[tse3.mm.bing.net image 270x210]

Yeah... I'm sure Apollo Group, Cerberus, Bain, and the rest will get RIGHT on that. Face it, we're f*cked. Giving them tax incentives to move sh*t offshore was probably the dumbest possible thing we've ever done. And we've done some really stupid sh*t.

We're not going to convince them to move it back here, not with the disparity in labor costs. They'll just move their tax center or HQ off shore, the ones that haven't already, and fart in our general direction.

The death of domestic manufacturing has been greatly exaggerated.  Domestic manufacturing has grown every year for decades (barring recessions).  The US has the second largest manufacturing base of any country (China is number one, of course).  Now, imports have grown too.  (IE, people today buy more stuff per person and the population has grown.  The size of domestic manufacturing has grown, but by less than the per capita increase plus population increase.)

The only thing in the US that has shrank is employment in manufacturing, which means lots of people are being replaced by robots and other automation.  But the total value of stuff made is as high as it has ever been.


Thank you
 
6 days ago  

NewportBarGuy: The Googles Do Nothing: yohohogreengiant: We need to onshore production again and recognize JIT manufacturing is simply too fragile and not robust or redundant enough to keep us moving forward.

Also durability enforcement, penalization of planned obsolescence and discardable goods.

The only way to do this in our system is a combination of taxes and penalties to convince overseas manufacturing to come back home, carrots for good boys and girls who do onshore, and guillotines for the rest.

Do you want to pay more for your Toyota?  Because this is how you'll pay more for your Toyota!

Well, considering most Toyotas are made here in the US. It's also a Japanese company so all the profits, outside of wages paid domestically, go back to Japan.

I think VW, Toyota, Mercedes make more vehicles in the US than the Big Three do. I could be wrong about that, but I vaguely remember an article about that.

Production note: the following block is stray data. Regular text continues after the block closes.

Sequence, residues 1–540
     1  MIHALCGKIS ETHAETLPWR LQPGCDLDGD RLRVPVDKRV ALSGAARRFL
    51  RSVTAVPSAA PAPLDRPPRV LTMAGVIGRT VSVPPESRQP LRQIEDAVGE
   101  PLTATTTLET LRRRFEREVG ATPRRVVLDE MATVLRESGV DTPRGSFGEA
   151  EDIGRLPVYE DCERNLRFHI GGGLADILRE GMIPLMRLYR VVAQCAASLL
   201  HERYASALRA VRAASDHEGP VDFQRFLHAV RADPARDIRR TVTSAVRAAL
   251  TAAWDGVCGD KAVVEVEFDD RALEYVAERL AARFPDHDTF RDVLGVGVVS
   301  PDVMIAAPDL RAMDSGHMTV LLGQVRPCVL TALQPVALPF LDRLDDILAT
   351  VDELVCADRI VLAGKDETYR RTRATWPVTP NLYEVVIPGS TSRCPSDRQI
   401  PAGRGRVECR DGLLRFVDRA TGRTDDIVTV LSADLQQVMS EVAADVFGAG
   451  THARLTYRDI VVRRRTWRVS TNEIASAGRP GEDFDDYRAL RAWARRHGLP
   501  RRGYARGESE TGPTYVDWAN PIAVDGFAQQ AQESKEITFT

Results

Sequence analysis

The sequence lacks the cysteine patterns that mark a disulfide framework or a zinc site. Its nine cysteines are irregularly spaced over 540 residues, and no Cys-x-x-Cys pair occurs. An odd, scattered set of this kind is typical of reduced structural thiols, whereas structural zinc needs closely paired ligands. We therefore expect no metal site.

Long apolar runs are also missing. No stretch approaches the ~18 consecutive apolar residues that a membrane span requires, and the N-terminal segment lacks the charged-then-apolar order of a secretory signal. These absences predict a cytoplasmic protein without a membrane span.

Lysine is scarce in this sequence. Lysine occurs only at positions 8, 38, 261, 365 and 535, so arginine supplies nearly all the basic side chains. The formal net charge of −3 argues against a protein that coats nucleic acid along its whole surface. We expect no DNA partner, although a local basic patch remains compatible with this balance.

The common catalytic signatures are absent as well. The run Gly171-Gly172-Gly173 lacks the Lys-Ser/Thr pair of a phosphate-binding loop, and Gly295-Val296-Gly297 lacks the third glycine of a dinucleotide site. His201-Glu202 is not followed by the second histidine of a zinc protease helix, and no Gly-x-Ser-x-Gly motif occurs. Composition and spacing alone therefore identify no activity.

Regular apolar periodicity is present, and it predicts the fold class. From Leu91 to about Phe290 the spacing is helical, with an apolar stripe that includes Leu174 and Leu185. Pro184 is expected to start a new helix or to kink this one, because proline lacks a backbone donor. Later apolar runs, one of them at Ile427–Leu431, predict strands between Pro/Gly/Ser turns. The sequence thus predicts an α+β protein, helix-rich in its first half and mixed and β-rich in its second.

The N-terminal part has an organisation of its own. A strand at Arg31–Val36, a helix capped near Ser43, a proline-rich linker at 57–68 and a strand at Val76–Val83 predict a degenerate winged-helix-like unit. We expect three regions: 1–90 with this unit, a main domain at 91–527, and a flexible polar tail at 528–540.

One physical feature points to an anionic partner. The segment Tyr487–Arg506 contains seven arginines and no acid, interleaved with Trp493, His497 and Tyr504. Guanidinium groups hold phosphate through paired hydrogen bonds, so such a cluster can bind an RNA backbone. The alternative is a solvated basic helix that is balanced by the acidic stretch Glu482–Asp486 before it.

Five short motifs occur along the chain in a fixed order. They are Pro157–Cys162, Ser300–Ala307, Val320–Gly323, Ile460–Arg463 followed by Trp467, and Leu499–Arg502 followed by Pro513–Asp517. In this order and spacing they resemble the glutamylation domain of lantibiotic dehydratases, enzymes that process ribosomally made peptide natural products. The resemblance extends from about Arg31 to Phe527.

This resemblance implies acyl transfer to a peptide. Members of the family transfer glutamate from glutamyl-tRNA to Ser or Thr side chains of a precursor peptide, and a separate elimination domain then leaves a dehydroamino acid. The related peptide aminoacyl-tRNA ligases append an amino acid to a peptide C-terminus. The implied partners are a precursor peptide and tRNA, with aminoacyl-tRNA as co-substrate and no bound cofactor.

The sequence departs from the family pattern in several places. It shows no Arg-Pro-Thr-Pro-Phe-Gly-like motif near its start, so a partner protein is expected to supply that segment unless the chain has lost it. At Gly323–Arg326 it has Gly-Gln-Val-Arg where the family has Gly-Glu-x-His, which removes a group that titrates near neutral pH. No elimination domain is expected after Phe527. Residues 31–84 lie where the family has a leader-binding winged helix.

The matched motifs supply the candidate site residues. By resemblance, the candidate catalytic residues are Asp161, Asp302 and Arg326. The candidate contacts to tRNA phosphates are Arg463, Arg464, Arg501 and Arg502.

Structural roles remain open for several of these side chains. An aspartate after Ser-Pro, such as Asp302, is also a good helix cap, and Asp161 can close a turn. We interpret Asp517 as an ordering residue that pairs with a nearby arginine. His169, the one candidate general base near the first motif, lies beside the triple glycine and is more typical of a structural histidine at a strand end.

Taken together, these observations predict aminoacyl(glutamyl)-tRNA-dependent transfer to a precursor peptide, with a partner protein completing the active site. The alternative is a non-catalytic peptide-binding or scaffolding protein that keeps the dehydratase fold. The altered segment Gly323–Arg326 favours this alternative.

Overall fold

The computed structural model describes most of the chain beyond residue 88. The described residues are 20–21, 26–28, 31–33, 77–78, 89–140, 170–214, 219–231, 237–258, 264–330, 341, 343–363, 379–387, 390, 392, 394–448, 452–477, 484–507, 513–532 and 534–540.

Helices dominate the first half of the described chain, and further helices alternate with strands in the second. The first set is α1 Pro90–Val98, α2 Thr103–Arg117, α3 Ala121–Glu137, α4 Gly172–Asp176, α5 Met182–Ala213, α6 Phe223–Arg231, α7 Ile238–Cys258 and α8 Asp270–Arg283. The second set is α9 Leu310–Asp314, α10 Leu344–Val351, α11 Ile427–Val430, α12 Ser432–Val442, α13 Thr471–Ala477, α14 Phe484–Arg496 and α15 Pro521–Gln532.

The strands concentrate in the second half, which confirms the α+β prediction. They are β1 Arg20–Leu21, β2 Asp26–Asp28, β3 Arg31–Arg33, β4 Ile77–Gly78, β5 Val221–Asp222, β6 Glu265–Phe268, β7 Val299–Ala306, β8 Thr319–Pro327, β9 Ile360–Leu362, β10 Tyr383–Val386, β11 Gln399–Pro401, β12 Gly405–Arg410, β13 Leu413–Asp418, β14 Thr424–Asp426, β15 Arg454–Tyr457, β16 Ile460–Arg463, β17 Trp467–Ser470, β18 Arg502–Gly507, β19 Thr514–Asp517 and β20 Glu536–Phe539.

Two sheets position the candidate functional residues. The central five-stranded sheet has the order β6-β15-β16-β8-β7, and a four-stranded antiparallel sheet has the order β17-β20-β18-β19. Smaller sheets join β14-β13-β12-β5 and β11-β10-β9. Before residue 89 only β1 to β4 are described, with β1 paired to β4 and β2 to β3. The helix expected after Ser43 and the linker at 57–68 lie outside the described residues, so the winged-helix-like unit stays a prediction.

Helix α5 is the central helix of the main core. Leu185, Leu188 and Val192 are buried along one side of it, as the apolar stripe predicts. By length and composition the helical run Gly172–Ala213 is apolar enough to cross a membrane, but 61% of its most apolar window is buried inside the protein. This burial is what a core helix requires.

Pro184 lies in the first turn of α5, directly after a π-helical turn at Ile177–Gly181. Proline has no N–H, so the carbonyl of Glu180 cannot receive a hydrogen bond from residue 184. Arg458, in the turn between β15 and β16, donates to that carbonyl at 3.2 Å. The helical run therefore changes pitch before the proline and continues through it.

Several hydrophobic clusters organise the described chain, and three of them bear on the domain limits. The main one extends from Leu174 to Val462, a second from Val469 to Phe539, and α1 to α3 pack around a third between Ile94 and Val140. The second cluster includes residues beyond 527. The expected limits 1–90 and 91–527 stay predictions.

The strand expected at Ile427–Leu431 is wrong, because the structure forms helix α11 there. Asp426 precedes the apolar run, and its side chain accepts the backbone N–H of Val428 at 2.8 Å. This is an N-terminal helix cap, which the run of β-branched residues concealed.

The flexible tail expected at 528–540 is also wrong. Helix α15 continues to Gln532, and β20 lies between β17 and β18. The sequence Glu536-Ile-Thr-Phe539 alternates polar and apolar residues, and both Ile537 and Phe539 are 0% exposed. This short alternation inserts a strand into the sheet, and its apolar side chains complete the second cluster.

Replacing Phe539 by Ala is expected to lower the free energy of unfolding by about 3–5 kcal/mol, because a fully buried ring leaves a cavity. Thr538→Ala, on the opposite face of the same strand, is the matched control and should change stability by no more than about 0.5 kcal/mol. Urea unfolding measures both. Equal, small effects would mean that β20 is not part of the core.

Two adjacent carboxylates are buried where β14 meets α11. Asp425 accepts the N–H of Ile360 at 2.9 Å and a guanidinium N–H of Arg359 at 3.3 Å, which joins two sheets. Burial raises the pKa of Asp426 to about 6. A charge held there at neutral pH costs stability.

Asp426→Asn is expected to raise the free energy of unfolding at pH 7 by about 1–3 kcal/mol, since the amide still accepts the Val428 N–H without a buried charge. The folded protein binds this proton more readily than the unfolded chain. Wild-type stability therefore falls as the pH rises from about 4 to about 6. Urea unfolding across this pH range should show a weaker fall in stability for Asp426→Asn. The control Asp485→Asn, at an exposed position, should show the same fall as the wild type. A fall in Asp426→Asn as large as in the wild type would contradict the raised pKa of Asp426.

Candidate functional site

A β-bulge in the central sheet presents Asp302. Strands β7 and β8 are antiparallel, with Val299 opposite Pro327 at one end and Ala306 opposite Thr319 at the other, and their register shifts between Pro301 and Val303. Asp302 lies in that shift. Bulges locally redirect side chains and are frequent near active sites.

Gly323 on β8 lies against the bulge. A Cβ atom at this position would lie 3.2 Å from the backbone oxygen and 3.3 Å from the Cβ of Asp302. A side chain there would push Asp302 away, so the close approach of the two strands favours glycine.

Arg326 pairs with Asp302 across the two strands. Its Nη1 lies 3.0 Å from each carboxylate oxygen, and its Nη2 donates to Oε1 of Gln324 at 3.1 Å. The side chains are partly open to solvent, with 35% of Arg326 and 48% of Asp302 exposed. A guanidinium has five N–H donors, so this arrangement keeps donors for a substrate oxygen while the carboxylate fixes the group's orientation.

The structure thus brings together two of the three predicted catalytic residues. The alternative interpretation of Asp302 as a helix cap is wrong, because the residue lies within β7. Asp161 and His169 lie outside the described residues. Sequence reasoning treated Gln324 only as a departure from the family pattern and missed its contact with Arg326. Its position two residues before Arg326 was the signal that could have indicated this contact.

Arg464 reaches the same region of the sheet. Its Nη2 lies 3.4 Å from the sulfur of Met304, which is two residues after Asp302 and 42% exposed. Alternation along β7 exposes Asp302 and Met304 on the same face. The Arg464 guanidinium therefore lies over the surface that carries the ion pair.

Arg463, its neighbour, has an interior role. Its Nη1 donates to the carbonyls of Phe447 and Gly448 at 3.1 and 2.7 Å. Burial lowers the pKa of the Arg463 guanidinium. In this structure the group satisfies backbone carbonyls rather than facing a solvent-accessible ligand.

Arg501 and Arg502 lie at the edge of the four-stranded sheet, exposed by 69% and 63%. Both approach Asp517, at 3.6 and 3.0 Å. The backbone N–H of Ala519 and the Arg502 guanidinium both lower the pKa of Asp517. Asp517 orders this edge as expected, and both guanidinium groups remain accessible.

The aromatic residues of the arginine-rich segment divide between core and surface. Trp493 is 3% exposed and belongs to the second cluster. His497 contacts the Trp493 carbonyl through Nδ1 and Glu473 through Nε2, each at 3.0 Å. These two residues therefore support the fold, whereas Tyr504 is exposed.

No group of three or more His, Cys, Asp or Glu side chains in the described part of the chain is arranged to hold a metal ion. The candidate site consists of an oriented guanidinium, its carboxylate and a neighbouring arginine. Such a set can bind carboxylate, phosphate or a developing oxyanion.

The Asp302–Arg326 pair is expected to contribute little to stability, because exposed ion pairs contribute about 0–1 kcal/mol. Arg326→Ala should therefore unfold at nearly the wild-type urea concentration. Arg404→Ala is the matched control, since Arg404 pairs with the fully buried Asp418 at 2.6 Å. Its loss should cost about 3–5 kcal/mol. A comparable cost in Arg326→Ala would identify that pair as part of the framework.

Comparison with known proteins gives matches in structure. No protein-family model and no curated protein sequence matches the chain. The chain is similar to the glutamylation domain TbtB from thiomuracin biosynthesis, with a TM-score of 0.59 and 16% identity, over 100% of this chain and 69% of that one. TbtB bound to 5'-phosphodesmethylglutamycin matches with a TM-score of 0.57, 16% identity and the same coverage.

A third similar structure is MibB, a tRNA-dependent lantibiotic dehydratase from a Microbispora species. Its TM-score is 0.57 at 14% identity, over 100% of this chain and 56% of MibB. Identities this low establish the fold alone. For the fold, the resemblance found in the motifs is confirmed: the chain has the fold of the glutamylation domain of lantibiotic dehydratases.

The US makes around 4.1 million vehicles a year

China makes around 16 milliion.
 
6 days ago  

Northern: NewportBarGuy: The Googles Do Nothing: yohohogreengiant: We need to onshore production again and recognize JIT manufacturing is simply too fragile and not robust or redundant enough to keep us moving forward.

Also durability enforcement, penalization of planned obsolescence and discardable goods.

The only way to do this in our system is a combination of taxes and penalties to convince overseas manufacturing to come back home, carrots for good boys and girls who do onshore, and guillotines for the rest.

Do you want to pay more for your Toyota?  Because this is how you'll pay more for your Toyota!

Well, considering most Toyotas are made here in the US. It's also a Japanese company so all the profits, outside of wages paid domestically, go back to Japan.

I think VW, Toyota, Mercedes make more vehicles in the US than the Big Three do. I could be wrong about that, but I vaguely remember an article about that.

Manufacturing even in China now is highly automated since Chinese wages are much higher than 20 years ago (for skilled labor it's at parity with the US).
And it's not just manufacturing sites, but also raw materials.  China has extended it's power to the world to gather materials to supply their manufacturing sector, and have them firmly in their control via the China development bank, roads, rail, shipping, and contracts / foreign aid to foreign officials (bribes too). We also ceded the global supply chain to China.  They build infrastructure and gain global influence with the best of the best in their communist party while we argue over wearing masks and oppressing half of the population while eating horse ivermectin paste through the barrel of an AR-15 clone.
We're basically the old fat Elvis coked out in a bedazzled jumpsuit, a caricature of our former power and status.


Eventually every Empires reach exceeds its grasp and they fail.

There was a Dream that was Rome.
 
6 days ago